Small island states must lead by example
October 1, 2008 09:24 AM - , SciDevNet

Small Island Developing States (SIDS) contribute less than 0.02 per cent to the growth of global greenhouse gas emissions but they are among the most vulnerable countries to the effects of climate change. Many SIDS cannot cope with the consequences of rising sea levels and damage from more frequent storms, floods and stronger cyclones caused by global warming.

Small sacrifice can save the planet
October 1, 2008 09:07 AM - http://www.smh.com.au

AUSTRALIANS will be driving clean electric cars, giving up their lamb roast and rump steaks for chicken and pork, living in higher-density cities and swapping cheap air flights for interstate trains. In the outback, millions of beef cattle and sheep will disappear from the marginal rangelands, farmers will grow grasses and eucalypts for carbon trading and kangaroos will dominate the bush, potentially becoming one of the nation's biggest export meats.

Cali. Governor signs laws on sprawl and water supplies but vetoes smog-fighting port cargo fee
October 1, 2008 08:59 AM - LA Times

SACRAMENTO - California embarked Tuesday on a sweeping effort to curb suburban sprawl by rewarding communities that build homes and workplaces closer together to reduce pollution that contributes to global warming. However, a multibillion-dollar proposal to curb air pollution near the state's ports was rejected by Gov. Arnold Schwarzenegger, who concluded that the related cargo fees would harm an already suffering economy.

Interested in reusable containers? Not sure if it makes sense economically?
October 1, 2008 08:50 AM - , Triple Pundit

Try the Reusables Cost Comparison Tool designed by the Reusable Packaging Association. The tool was demonstrated this past week at the 2008 "Choose Reusables!" Education Forum sponsored by Reusable Packaging Association (RPA) and StopWaste.org.

Northeast Puts on the Carbon Cap
September 30, 2008 09:37 AM - , Global Policy Innovations Program

For the first time, a carbon market is opening for business in the United States. The long awaited Regional Greenhouse Gas Initiative (RGGI), takes effect on January 1, 2009. Utilities in ten states—Connecticut, Delaware, Maine, Maryland, Massachusetts, New Hampshire, New Jersey, New York, Rhode Island, and Vermont—will be required to purchase carbon emission rights or find themselves unable to operate.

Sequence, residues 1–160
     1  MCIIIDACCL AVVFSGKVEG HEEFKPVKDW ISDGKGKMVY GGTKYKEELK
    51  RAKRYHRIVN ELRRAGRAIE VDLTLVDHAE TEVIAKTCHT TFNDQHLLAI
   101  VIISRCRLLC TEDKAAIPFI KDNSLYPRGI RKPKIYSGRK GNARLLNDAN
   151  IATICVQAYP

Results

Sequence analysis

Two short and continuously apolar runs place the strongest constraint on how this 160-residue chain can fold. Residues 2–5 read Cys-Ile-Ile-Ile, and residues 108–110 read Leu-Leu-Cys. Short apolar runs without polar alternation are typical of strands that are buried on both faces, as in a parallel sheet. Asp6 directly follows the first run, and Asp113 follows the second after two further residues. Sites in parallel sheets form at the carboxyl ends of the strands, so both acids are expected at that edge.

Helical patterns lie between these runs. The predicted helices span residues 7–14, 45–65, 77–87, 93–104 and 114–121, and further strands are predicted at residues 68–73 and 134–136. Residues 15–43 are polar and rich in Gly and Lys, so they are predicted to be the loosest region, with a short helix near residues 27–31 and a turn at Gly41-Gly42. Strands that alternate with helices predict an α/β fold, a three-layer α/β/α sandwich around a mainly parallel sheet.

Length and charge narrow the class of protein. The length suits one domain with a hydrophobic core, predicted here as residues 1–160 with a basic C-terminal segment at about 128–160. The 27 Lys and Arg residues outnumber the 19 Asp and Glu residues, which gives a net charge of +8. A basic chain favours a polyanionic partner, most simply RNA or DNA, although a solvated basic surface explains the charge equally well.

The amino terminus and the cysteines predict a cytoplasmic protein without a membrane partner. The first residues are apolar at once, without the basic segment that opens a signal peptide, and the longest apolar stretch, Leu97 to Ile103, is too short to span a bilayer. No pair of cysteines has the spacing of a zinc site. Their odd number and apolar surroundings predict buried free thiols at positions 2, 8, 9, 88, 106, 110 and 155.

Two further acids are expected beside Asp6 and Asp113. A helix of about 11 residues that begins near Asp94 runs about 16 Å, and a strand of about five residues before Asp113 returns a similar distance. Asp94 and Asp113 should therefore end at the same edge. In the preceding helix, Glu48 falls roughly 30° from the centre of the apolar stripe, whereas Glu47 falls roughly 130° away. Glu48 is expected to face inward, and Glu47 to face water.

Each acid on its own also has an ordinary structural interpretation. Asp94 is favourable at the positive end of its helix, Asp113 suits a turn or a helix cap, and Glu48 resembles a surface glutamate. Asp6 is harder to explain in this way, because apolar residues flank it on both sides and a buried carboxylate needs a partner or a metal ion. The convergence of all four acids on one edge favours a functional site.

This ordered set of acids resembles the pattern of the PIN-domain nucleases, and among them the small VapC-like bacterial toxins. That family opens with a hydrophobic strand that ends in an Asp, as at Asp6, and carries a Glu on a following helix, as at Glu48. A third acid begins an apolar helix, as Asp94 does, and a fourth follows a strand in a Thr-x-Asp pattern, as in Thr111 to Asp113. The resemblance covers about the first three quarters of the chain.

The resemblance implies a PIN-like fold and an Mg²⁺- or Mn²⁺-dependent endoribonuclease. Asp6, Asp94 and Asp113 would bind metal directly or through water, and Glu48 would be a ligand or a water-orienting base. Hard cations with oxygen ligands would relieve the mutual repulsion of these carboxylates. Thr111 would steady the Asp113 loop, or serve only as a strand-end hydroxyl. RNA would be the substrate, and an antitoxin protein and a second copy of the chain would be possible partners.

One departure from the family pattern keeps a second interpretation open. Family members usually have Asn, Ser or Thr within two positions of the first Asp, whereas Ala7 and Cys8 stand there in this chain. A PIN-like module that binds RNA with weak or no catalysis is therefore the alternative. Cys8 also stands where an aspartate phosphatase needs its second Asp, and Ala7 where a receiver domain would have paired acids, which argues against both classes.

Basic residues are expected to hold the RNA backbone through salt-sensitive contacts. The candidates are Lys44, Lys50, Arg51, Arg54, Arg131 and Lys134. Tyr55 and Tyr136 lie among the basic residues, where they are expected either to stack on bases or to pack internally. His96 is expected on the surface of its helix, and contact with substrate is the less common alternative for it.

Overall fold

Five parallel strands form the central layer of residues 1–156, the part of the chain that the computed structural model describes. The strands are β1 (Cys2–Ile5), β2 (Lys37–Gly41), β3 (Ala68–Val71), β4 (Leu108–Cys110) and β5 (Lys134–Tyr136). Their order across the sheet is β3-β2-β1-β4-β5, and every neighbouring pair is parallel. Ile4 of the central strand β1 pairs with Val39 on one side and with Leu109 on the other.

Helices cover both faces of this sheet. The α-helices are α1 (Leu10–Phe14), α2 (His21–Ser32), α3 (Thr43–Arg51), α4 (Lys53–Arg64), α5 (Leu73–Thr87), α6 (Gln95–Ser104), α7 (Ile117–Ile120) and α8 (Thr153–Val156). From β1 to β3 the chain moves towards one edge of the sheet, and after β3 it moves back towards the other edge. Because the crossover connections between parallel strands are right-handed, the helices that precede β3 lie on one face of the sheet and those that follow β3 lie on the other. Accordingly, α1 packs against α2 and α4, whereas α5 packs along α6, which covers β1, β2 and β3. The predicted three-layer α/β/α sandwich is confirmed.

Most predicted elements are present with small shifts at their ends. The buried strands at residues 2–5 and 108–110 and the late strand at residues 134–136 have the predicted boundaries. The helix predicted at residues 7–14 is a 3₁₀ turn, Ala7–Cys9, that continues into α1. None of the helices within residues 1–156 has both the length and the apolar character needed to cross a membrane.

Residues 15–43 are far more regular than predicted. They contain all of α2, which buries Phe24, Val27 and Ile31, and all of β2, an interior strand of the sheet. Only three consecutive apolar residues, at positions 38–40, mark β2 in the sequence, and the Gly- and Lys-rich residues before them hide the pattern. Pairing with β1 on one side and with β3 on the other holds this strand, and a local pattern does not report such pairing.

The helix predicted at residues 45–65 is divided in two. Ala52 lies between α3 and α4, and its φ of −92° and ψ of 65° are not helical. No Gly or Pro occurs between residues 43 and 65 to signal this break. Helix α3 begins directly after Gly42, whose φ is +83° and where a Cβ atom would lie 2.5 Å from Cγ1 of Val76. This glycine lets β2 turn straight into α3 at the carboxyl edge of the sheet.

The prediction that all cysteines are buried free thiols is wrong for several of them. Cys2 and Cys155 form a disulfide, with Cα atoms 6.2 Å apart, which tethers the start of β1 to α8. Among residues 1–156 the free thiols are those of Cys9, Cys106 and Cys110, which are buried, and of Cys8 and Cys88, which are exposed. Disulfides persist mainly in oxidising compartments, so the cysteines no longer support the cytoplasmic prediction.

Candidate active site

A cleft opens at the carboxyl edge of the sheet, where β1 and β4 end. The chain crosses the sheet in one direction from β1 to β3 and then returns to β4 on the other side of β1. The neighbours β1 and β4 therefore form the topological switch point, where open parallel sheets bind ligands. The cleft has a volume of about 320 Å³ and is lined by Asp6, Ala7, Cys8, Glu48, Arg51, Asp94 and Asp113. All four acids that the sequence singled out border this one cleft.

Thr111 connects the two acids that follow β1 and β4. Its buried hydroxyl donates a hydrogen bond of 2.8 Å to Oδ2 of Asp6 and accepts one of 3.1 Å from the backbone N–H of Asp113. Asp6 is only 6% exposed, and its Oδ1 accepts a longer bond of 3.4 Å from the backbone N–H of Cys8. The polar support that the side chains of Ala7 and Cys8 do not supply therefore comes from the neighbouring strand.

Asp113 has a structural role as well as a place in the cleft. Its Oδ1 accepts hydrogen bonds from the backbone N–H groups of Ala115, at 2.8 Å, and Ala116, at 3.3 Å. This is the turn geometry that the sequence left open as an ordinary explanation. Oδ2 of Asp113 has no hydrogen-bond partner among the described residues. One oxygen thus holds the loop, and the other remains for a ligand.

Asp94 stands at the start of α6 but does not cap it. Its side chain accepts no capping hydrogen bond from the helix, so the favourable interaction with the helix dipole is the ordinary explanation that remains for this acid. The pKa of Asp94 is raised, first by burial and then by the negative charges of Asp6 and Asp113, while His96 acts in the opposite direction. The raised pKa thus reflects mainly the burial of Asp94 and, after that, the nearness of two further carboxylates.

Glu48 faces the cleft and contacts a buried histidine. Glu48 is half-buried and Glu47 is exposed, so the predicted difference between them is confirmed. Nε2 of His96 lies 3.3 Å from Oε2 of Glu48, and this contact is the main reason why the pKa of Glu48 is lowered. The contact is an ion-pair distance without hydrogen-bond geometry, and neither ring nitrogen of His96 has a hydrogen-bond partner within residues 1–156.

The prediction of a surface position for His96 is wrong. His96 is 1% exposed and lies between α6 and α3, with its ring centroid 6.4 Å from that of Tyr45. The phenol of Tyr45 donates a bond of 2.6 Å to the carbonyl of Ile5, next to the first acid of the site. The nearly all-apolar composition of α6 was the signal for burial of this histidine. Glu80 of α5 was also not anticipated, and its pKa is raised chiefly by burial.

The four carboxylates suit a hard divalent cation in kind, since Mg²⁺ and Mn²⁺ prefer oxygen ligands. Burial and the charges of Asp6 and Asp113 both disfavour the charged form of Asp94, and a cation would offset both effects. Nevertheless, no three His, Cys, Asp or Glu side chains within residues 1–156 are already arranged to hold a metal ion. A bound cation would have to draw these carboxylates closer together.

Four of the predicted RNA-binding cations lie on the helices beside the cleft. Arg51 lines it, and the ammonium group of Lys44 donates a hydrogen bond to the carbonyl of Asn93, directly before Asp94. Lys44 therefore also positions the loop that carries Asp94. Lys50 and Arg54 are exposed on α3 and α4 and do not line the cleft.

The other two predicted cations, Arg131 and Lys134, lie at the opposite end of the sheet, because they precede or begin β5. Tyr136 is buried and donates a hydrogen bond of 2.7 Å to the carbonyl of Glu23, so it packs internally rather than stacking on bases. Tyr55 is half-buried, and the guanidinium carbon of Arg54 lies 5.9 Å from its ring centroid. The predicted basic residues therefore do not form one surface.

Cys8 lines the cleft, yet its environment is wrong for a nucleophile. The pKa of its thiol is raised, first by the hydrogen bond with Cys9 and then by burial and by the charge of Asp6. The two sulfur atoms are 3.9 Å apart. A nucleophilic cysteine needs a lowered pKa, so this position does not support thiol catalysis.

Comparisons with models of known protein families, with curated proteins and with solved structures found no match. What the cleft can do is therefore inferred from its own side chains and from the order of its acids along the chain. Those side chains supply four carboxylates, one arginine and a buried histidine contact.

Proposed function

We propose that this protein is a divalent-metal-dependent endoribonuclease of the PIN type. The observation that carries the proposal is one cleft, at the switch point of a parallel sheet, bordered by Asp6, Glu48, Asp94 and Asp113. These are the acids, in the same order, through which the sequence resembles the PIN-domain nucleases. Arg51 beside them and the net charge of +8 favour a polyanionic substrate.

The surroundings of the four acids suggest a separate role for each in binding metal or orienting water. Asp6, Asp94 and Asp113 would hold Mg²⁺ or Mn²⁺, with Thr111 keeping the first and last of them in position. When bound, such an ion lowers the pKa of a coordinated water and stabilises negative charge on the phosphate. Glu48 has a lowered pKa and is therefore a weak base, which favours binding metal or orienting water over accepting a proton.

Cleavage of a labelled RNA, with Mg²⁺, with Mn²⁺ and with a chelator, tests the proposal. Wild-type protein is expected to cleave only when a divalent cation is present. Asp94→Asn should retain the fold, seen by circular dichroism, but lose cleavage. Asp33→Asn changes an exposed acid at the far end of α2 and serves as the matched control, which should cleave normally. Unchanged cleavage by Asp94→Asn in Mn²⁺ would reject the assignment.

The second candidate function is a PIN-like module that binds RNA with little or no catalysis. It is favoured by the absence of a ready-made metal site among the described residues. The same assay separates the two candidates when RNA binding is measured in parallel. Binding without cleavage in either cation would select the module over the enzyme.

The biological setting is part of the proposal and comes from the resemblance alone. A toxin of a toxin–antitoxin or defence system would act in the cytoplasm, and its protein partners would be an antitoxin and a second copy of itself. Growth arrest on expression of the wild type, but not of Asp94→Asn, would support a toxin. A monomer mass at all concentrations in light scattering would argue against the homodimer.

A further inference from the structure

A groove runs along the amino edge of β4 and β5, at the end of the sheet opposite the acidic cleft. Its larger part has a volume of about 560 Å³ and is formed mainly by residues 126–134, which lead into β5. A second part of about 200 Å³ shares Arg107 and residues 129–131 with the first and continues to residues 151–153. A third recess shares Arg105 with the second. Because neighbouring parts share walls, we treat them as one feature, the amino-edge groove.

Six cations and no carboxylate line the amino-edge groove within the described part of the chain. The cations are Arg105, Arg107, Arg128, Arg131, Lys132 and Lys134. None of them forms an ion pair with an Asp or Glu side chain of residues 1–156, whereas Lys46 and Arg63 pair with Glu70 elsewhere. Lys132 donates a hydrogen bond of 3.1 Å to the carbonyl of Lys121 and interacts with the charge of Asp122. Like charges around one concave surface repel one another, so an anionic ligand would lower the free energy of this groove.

No More Plastic Bags
September 30, 2008 09:14 AM - NY Times

Westport, Conn., this month became the latest of a handful of communities to ban some plastic bags. The bags, which have only a brief, useful life, can survive forever in landfills and are of enormous concern to not only environmentalists but local officials who are running out of places to put their trash.

An Exhausting War on Emissions
September 30, 2008 09:11 AM - The Wall Street Journal

In 1991, Norway became one of the first countries in the world to impose a stiff tax on harmful greenhouse gas emissions. Since then, the country's emissions should have dropped. Instead, they have risen by 15%. Although the tax forced Norway's oil and gas sector to become among the greenest in the world, soaring energy prices led to a boom in offshore production, which in turn boosted overall emissions. So did drivers. Norwegians, who already pay nearly $10 a gallon, took the tax in stride, buying more cars and driving them more. And numerous industries won exemptions from the tax, carrying on unchanged.

Trader faces damages case for I. Coast toxic waste
September 30, 2008 09:06 AM - Reuters

ABIDJAN (Reuters) - Up to 30,000 people from Ivory Coast will seek tens of millions of dollars in compensation from Dutch-based oil trader Trafigura for illness they suffered after toxic waste was dumped in 2006, their lawyer said on Monday. The class action suit will be heard in a London court in October 2009, lawyer Martyn Day of British law firm Leigh Day & Co told Reuters.

Car free day tries to drive home lessons of “Green Olympics”
September 29, 2008 10:28 AM - WWF

Beijing, China: After clamping down on cars and the pollution that comes with them for the Olympics, China last week tried to keep the spirit alive with its second national Car Free Day. As part of International Car Free Day, cities across the country restricted private vehicles in designated areas from 07:00 to 19:00 on Monday 22 September, and all drivers were encouraged to leave their cars at home.

Clogged Beijing unveils new traffic controls
September 28, 2008 10:23 AM - Reuters

BEIJING (Reuters) - Flushed with the success of Olympic traffic controls and struck by the painful return to congested normality, Beijing on Saturday unveiled plans for smaller-scale but permanent controls on its drivers.

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